Mob boss Chhota Rajan, arrested in the Indonesian resort of Bali on Sunday after being on the run for decades, said on Thursday he wants to return to India.
“I want to go back to India. I don’t want to go to Zimbabwe,” he told Indian reporters in Denpasar.
Amid speculation that his arrest was part of a “deal” with Indian security agencies, Rajan also said: “No, I did not surrender.”
Earlier, media reports had quoted Bali Police Commissioner Reinhard Nainggolan as saying that Chhota Rajan, whose real name is Rajendra Sadashiv Nikhalje, had pleaded with interrogators to free him as he wanted to go to Zimbabwe.
Reports have suggested that Rajan, for whom the Interpol issued a Red Corner notice in 1995, is scared of returning to India because of threats to his life from Pakistan-based mob boss Dawood Ibrahim, his former associate who has made several attempts on his life.
Asked by reporters about these fears on Wednesday, Rajan had said: “I am not afraid of anyone.”
Indonesian authorities are bound by law to deport Rajan within 20 days. Mumbai Police have started documenting offences committed by him, mostly in the city and its outskirts, and translating them into English and Bahasa, the official language of Indonesia, so that a dossier can be provided to Indonesian authorities.
Work on the documentation began after Mumbai Police received an official communication from the Union home ministry about Rajan, who is wanted for more than 75 offences in Maharashtra, including murder, extortion and drug trafficking.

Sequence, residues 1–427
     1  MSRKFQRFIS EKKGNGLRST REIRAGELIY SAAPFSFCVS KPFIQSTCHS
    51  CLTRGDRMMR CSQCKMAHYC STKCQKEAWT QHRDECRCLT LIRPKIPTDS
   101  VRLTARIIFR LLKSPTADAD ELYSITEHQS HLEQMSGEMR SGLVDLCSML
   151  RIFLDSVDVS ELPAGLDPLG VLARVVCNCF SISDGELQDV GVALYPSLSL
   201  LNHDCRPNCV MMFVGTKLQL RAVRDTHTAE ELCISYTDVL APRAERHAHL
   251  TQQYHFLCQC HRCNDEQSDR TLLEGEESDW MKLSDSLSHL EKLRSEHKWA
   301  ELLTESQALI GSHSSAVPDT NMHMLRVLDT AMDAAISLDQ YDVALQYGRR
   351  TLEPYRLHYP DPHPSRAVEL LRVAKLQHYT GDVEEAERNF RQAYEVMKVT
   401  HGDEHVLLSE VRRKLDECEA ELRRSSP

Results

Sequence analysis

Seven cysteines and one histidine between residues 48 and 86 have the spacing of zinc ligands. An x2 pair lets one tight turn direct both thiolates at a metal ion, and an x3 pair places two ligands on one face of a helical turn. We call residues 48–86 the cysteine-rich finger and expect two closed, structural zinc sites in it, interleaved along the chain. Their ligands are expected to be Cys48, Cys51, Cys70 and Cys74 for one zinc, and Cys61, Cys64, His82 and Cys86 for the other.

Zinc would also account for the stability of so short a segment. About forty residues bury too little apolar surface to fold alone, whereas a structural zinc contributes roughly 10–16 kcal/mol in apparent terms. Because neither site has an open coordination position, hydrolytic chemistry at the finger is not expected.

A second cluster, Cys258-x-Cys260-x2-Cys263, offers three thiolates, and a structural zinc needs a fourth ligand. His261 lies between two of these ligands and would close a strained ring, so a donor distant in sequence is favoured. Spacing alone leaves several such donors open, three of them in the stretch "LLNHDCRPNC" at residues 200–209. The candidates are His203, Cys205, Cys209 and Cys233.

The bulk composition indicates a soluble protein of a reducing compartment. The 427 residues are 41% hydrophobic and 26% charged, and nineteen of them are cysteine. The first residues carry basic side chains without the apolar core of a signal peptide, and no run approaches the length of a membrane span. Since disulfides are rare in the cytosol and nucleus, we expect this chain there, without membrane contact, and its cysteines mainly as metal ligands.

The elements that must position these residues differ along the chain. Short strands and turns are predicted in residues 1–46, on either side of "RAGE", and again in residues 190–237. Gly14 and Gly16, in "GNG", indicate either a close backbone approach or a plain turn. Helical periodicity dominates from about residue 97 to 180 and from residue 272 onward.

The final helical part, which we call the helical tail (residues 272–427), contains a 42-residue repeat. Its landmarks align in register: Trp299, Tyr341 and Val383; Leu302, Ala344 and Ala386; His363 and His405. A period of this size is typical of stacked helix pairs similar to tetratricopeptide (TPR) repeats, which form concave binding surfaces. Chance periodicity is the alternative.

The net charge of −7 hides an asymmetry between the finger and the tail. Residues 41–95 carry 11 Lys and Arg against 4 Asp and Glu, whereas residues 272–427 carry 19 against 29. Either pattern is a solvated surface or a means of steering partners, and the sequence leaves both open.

Atulchandra Kulkarni, joint commissioner of police (crime branch), said Mumbai Police had formed a team to “compile the history of the offender” after the Union home ministry sought detailed documentation on offences committed by Rajan.
“Apart from compiling his records of over 75 criminal cases, we are also documenting the fine prints of each case, evidences available and status of each of them in different courts, not only in Mumbai city, but in Navi Mumbai and Pune...,” he said.
CBI sources said they were waiting for documentation from Mumbai Police, which will be scrutinised before sending a team to Indonesia to bring back Rajan.
Deportation of Indian nationals from Indonesia has become easier since the two countries signed an agreement to hand over criminals on the basis of a court warrant. The Indian government issued a notification on August 21 to facilitate repatriation of criminals from each other’s territory.